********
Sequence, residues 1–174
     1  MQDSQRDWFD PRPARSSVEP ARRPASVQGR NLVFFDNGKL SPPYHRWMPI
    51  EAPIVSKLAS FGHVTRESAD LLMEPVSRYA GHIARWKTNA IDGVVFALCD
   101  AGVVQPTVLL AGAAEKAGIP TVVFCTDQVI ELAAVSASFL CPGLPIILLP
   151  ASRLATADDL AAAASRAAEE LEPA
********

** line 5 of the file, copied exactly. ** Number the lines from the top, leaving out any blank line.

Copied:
   151  ASRLATADDL AAAASRAAEE LEPA